The first event back in 1998 had a violent conclusion, but organizers of the Million Youth March say they're hoping for thousands of young people gathering in Harlem for a positive cause this year. NY1's Dean Meminger filed the following report.
For those who were there 15 years ago, it was a chaotic scene. Police and participants at the Million Youth March in Harlem clashed on Malcolm X Boulevard.
Khallid Muhammad was the organizer of the event.
"In self defense, if they attack you, take their goddamn guns from them and use their guns on them," he said at the time.
Muhammad died from a brain tumor in 2001.
Then-mayor Rudolph Giuliani had called the march a hate gathering and demanded it be stopped exactly at the court-ordered time of 4 p.m. That's when police officers in riot gear moved in and a police helicopter buzzed over the crowd.
Nearly 30 officers and participants were injured.
After the clash, Giuliani defended the police action.
"I gave the order. Police Commissioner Safir gave the order," he said. "So if you would like to investigate me for giving those orders, not only did I give them, I'm proud that I gave them, and I believe that I saved lives."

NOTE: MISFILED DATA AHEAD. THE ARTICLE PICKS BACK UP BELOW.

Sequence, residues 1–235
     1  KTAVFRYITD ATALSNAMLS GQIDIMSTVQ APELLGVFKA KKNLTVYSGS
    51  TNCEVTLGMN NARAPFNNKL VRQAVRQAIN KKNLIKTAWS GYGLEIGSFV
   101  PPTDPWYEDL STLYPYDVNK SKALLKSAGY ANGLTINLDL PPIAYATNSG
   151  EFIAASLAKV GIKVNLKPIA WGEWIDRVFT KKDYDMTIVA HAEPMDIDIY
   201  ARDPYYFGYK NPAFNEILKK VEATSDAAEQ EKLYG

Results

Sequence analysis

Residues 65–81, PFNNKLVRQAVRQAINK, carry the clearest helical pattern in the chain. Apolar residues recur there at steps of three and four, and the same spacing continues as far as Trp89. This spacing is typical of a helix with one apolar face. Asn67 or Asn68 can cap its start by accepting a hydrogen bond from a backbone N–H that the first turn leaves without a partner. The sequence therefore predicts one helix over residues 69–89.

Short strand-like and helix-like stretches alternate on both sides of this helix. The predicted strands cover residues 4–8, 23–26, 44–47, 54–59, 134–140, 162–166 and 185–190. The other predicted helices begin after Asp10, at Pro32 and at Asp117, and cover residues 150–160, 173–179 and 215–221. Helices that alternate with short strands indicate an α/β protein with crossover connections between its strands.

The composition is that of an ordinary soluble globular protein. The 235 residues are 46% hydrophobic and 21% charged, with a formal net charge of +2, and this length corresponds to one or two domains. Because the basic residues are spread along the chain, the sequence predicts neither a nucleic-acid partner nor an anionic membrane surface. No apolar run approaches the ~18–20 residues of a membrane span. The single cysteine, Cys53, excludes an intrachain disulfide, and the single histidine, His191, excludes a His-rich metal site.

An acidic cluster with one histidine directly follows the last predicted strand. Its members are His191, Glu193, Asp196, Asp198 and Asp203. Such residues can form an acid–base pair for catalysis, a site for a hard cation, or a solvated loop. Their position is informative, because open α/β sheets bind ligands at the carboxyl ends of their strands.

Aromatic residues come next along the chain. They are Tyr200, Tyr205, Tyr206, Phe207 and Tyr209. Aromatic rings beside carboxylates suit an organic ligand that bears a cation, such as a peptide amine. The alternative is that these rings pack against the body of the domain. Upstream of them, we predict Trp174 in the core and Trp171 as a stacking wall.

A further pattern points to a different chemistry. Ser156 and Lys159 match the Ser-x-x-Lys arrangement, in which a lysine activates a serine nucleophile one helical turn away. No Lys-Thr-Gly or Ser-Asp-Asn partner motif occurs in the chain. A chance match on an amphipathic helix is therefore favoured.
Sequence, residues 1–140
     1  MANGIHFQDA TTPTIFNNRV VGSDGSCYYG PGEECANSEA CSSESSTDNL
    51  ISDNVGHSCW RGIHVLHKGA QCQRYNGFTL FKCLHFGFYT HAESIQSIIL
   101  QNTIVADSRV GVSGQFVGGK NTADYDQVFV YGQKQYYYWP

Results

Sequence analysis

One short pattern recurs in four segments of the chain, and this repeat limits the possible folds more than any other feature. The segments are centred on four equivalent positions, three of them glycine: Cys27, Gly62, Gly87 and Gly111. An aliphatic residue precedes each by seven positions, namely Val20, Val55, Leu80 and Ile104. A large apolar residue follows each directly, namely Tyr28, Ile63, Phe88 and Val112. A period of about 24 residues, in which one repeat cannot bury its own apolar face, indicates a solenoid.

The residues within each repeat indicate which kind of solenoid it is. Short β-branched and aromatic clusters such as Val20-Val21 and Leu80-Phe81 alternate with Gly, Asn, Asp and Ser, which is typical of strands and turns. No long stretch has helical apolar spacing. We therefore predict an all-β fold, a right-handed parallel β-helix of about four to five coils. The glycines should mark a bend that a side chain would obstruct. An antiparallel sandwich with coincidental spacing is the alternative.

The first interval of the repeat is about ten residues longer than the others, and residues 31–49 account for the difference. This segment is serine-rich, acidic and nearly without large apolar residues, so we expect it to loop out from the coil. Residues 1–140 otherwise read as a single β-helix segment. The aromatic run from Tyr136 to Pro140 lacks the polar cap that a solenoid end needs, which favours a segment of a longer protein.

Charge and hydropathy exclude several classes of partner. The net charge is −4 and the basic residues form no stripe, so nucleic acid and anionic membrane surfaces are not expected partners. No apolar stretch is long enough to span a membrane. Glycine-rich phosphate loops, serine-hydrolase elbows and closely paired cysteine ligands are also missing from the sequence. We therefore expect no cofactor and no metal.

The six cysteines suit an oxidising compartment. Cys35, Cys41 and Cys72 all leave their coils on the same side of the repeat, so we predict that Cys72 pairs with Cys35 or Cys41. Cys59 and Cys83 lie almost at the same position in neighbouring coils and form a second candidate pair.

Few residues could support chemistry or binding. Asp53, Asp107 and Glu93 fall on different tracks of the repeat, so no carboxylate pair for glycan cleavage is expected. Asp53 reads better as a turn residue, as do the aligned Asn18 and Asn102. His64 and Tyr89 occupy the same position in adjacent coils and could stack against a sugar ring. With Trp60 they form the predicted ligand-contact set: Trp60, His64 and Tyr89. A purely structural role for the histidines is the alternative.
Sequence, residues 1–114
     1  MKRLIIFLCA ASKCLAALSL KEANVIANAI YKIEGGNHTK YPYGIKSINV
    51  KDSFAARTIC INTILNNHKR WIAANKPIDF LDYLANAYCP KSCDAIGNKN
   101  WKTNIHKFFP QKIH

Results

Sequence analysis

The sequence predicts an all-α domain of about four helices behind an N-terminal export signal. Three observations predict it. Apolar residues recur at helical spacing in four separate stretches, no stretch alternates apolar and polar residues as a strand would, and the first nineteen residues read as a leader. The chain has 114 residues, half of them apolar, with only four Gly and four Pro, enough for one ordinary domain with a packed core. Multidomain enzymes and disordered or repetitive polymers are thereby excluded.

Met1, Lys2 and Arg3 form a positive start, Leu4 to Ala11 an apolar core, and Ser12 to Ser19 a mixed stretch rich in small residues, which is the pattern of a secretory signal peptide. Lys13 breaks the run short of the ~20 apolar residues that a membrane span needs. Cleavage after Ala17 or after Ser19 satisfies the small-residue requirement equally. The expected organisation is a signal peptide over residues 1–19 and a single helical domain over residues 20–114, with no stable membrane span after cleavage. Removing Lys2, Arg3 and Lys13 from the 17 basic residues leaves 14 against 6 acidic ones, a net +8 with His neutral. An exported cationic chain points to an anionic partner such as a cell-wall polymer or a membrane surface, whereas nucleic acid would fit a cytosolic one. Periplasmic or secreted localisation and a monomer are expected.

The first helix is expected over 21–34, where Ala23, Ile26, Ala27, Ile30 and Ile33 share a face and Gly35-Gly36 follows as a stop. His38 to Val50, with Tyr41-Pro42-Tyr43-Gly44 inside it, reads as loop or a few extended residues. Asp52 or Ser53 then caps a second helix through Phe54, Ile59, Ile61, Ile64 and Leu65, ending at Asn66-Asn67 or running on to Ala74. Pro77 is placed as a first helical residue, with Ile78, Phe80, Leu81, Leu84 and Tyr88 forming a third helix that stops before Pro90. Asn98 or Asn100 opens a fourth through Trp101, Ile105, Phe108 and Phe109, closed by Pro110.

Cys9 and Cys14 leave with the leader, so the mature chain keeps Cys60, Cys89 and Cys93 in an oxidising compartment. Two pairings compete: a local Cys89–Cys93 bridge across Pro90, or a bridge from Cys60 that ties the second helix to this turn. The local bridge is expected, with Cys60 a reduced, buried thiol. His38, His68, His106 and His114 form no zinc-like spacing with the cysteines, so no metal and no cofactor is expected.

For the 15th anniversary of that first march, the New Black Panther Party says it's planning another Million Youth March for September 7 at the Harlem State office building.
"I don't want anybody to get scared. I have not come to call you into a fight or a throw down," said Malik Shabazz of the New Black Panther Party.
Those planning the march say they hope to bring thousands together to talk about stopping violence, building self-esteem and economic independence in the black community. There are also plans to rally against the NYPD's stop-and-frisk program.
The organizers say they're reaching out to groups around the city and country to attend the Million Youth March.
"There are social reasons, cultural reasons, there's moral reasons, family reasons we have to have this anniversary," Shabazz said. "But damn it, you better believe there are some political reasons."
Organizers say although they're aren't looking for a battle, they say they won't back down from one if there are attempts to stop the march from happening.